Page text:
Unaware that the police have been called, I continue talking to Shayla about some of her personal struggles and perceptions of social issues from poverty, racism and what movements are having positive effects such as Black Lives Matter. My moment of validation and perhaps even congratulations of a apparently successful public action will be short lived when two police officers walk in the door.

The first officer recognizing me as the man who was singing “Kumbaya” behind the courthouse has that classical “oh, no you again look”, and he basically says as much while walking through the door. The second officer has a different approach and locks onto me with a pretty aggressive and meant to be intimidating gaze and says “You. Up. Now.” in a manner meant to illicit immediate obedience and submission.

I have a notepad in front of me and garbed in my Edinboro “Keep Calm and Communicate” shirt I reply “Officer I am a researcher and a scholar could you please tell me what law I am breaking?” Officer Ryan M. Onderko, in a de-escalating (sarcasm) manner responds…I am going to break your fucking head in a minute. With all the education Edinboro has provided me and self control I can muster, I recognize that this officer is looking for an opportunity to be violent. So in the international symbol of preparing to take my leave I rise up and begin putting on my jacket.

While doing so I say, “officer I really will need to know what law I am breaking if I am going to be an informed law abiding citizen.” He then grabs my arm, which caused my body to go tense because it was unexpected and says, “you want to know the law I’ll show you the law, put your hands behind your back.”

I hesitate because I am in shock and disbelief that I might be going to prison, PTSD and a multiple of other symptoms flood my brain. Sensing this Onderko in a real manner again to de-escalate says, “if you resist me you are going to get hurt bad.” I do not resist and allow myself to be cuffed to which Onderko then says “Don’t you ever question me, I don’t care how big you are. I will cut you down.” I respond, “if you are going to threaten me you might as well just kill me, because I refuse to walk around afraid of the police.”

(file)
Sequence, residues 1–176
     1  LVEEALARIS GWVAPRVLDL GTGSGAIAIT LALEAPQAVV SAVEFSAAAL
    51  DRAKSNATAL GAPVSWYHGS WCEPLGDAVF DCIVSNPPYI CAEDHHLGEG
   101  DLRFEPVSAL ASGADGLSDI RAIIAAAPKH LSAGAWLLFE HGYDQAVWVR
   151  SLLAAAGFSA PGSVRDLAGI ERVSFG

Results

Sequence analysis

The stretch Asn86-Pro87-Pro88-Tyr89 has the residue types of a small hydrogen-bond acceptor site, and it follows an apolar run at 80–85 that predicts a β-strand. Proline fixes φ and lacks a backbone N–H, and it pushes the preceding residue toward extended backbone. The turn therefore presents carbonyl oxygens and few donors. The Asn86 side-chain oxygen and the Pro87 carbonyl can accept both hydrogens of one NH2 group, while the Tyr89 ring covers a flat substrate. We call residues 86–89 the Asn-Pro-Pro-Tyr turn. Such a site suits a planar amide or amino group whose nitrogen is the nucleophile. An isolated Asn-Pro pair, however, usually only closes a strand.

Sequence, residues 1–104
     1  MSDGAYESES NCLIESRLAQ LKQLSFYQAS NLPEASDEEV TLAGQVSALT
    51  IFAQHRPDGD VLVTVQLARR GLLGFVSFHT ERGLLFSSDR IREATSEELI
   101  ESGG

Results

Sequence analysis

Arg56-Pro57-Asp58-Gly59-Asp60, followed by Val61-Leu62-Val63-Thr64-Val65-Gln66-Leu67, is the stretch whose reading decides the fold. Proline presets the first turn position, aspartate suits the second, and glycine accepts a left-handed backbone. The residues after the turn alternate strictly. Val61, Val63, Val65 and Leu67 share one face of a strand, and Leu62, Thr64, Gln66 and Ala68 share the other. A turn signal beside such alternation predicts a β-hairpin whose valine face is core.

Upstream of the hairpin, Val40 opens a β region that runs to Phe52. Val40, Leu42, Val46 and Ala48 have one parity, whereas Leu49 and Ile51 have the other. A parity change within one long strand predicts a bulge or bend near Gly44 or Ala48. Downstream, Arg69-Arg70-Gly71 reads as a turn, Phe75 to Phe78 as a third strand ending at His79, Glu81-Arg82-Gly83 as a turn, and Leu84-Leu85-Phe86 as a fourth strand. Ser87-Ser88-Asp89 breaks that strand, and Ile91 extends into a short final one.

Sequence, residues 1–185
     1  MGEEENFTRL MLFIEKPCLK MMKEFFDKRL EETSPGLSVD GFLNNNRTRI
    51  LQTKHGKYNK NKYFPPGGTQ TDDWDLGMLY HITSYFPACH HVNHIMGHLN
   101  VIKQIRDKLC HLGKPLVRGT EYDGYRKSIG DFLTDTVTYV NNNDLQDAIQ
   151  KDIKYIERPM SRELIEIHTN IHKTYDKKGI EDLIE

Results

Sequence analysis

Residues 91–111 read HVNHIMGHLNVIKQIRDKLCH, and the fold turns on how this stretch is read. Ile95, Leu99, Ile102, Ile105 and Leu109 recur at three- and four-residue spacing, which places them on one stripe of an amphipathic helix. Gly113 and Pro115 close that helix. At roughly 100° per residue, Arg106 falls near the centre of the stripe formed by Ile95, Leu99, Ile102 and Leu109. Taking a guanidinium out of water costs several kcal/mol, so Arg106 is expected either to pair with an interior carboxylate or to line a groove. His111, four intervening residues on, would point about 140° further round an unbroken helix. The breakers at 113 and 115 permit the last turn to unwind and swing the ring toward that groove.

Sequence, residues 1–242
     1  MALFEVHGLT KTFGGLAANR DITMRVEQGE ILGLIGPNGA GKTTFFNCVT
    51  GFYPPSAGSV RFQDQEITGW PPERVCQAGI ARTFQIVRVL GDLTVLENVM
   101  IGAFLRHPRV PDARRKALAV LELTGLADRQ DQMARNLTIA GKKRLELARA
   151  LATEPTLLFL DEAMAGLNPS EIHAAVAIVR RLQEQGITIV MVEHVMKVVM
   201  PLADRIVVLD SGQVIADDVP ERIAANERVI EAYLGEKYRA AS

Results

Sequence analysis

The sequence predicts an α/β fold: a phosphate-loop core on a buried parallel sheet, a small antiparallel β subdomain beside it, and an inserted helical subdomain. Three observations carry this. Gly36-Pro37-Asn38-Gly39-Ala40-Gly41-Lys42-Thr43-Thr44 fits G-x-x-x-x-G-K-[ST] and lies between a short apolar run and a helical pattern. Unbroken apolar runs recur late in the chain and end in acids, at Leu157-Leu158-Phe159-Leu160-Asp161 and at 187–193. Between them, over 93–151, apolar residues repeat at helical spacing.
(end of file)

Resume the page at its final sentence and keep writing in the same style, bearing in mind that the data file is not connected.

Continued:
I am escorted outside and Dan Zmijewski follows us out to the police car. The officer looks towards Dan and says “you get out of here, or you are going with him.” Dan says something about his freedom to stand on the sidewalk and Officer Onderko releases me and lunges towards Dan to grab him.

Dan speeds up his walk and almost begins to run when Onderko perhaps recognizing he can’t just leave me unattended calls off his pursuit of Dan. Even from my position of being cuffed I can’t help to be both amused and happy that Dan managed to “escape”.

In the process of checking my pockets for weapons and “contraband” he asks if I am on probation. I reply that yes I am and he says “that is all I need to know.” In America, while on probation the law is less concerned about the truth. When they are prepared to detain you, all they need to say is “probable cause”. You are arrested on a whim…and if you are lucky released after an extensive second thought…typically taking 3-6 months.

This is the story of my “arrest.” Next I will relate some of my experience and interactions while incarcerated at Erie County Prison. I will leave off today with a quote Lenin apparently told a young poet in a coffee shop shortly after the Bolshevik “Revolution.”

Every man must rely on himself. Yet he should also listen to what informed people have to say. I don’t know how radical you are, or how radical I am. I am certainly not radical enough. One can never be radical enough, that is one must always try to be as radical as reality itself.

Intractable conflict, radical conflict and power is what I live and study. I must wonder if my problem is not that I am toooo “radical” for Erie…rather I have not yet become radical enough.

Peace, Love and Revolution to you all.

– Dan Olson